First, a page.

Illinois duo Icon For Hire have been around for the better part of a decade now, kicking out jams that blend turn of the century nu-metal and radio rock with contemporary electro-and-hip-hop-infused pop, but in a lot of ways 2016 is a new beginning for them, with You Can’t Kill Us, their first independently released (and crowd-funded, through Kickstarter) album set to be released November 25th.  The band, currently comprised of vocalist Ariel Bloomer and guitarist/keyboardist Shawn Jump, released two albums on Tooth & Nail (2011’s Scripted and a 2013 self-titled release), but didn’t feel the whole label format was conducive to making their best music.   Although not officially available until the end of November, since the completion of their Kickstarter campaign (which raised $127,000 of their original $2,016 goal) Icon For Hire has been releasing three songs off of You Can’t Kill Us every three months so, for major fans (and funders) much of the material is already familiar.  Their latest batch of songs boast a lush and morbid brand of pop, punctuated by moments reminiscent of the sassiest rockers and MCs (They would fit equally well onto the stages of Ozzfest, Warped Tour, or Lady Gaga.)  Icon For Hire are currently on tour with equally cool buddies Stitched Up Heart and will be at our very own Voltage Lounge on Wednesday, November 9th, and Ariel recently took some time to tell me about their latest sounds and what it’s like to officially be an independent, crowd-funded band.

Izzy Cihak: I realize this is a pretty big question but, considering that the band has been together for almost a decade now: What have been some of the highlights of Icon For Hire?

Ariel Bloomer: It’s definitely energizing to look back and see where we’ve come from. We started out rehearsing in Shawn’s dining room, and since then we’ve toured the world, released two full-lengths, and will drop our first independent album on November 25. I’d say one of the biggest highlights is the fact we’ve had the privilege of living our dream for so long. Another big moment was our Kickstarter from earlier this year-seeing our fans pour out so much love and support made us feel like they had our backs and we weren’t in this alone.

Izzy: How was the process of doing everything on your own, compared to working for a label?  Do you think the album is a significant evolution of your previous releases?

Ariel: It was a liberating experience to create the album just for us and our fans, without worrying about a label’s expectations or limitations. Since our fans so clearly wanted this album to be made-and financially made it possible-it inspired us to write the album especially for them. Instead of trying to write songs to grow our audience, we approached it more from, “What do we know our current listeners love?” So it actually wasn’t very evolutionary, it just felt like honing in on our sound in a deeper way. We were trying to distill it down to the most genuine Icon For Hire sound that we could.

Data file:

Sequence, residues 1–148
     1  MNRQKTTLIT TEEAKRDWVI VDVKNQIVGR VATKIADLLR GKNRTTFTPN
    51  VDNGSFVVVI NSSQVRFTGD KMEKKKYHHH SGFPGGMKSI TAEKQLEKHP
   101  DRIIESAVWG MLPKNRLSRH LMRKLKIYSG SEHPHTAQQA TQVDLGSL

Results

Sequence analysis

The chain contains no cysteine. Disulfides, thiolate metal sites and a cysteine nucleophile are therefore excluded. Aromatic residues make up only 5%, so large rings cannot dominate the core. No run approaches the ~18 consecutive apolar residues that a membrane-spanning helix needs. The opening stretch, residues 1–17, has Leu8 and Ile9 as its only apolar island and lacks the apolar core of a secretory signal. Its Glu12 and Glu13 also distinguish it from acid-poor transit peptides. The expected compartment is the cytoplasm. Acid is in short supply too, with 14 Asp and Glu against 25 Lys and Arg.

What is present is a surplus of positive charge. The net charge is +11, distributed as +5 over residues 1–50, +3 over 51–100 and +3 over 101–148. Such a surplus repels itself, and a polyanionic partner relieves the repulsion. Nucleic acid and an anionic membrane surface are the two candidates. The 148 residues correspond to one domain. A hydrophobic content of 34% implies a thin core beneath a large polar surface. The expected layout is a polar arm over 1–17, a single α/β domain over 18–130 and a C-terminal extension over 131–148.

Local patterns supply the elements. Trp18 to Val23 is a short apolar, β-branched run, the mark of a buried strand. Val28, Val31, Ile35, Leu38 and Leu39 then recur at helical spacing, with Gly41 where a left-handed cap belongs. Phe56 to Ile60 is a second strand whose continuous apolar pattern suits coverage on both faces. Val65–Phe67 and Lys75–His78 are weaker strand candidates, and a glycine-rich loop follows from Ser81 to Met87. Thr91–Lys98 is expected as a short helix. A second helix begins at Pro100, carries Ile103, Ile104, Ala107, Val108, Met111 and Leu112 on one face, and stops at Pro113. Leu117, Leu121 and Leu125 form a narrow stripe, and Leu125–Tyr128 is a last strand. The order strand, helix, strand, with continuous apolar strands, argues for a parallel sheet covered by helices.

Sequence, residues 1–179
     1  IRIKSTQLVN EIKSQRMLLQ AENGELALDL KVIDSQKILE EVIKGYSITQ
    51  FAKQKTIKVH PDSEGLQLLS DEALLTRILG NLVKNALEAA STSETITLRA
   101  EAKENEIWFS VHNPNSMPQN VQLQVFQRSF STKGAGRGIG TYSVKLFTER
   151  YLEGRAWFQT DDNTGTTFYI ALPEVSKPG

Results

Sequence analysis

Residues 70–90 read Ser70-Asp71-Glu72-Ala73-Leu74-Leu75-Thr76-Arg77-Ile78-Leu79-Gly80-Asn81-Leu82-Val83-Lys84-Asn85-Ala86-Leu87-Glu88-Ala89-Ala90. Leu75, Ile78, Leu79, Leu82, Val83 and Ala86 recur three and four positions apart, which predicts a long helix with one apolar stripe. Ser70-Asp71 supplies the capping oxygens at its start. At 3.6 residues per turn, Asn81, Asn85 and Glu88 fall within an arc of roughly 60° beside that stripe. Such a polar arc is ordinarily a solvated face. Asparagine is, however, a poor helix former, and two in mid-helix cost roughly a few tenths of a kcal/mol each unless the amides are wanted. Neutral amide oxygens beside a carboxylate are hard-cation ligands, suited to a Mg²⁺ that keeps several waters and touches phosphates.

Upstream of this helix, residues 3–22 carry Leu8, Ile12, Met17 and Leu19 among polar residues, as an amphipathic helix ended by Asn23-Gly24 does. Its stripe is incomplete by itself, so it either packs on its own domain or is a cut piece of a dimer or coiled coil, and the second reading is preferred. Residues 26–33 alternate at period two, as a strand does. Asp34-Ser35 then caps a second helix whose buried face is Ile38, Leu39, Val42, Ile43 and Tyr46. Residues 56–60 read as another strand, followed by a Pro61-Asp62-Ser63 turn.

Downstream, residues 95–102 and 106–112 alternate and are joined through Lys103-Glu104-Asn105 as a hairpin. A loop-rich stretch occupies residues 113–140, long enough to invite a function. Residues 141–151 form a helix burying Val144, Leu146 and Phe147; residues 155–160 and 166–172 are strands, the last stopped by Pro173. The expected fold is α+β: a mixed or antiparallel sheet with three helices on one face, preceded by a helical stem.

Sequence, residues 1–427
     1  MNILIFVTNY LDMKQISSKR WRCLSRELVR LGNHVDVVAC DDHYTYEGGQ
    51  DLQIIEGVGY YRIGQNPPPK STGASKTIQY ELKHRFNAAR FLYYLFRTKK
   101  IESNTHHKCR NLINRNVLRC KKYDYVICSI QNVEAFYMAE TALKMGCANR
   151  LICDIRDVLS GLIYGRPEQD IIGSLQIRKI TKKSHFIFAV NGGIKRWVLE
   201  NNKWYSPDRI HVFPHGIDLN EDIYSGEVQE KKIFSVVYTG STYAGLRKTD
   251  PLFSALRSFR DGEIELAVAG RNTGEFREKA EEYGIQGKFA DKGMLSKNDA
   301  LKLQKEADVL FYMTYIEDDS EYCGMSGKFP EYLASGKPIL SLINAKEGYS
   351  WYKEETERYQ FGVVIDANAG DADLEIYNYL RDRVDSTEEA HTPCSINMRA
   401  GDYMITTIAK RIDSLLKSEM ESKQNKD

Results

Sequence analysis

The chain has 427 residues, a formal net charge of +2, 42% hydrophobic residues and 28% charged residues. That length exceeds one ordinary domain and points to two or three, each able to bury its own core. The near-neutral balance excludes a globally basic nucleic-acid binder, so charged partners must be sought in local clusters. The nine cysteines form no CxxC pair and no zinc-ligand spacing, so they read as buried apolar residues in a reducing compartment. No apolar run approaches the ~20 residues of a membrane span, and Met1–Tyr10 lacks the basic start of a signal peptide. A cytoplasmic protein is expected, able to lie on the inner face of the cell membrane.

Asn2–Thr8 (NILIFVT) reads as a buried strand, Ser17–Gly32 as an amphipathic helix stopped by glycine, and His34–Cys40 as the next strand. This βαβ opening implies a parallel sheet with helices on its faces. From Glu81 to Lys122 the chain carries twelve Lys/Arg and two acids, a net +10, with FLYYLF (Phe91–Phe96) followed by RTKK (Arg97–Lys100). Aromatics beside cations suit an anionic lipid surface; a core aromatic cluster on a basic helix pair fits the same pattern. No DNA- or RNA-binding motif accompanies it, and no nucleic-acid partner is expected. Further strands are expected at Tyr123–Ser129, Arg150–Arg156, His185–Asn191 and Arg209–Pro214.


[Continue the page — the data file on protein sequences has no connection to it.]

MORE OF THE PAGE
Izzy: And how was your experience of working with Kickstarter?  A lot of my favorite artists over the past five years have worked with Kickstarter and the majority really enjoyed the experience.

Ariel: Yes! Kickstarter has been a career changer for us, and we will always be grateful to that platform. The crowd-funding model worked really well for us since we had just left our abusive record label and honestly told our fans that if they wanted us to make more music, we would need to partner with them. We also put a lot of thought and energy behind making the campaign a positive experience for everyone who backed the project. I ended up handwriting out the lyrics to over 100 of our songs, and baking several hundred chocolate chip cookies as rewards. We really wanted to have that personal touch, instead of just giving out five different versions of the album and calling it a day.

Izzy: I do really like the whole album, but I especially love “Demons,” which reminds me of the perfect combination of the bands I went to go see on Ozzfest in ’98-’05 and my favorite sass pop of this generation (I’m pretty sure I coined that phrase… but I think it’s relatively self-explanatory…)  How did that particular track come about?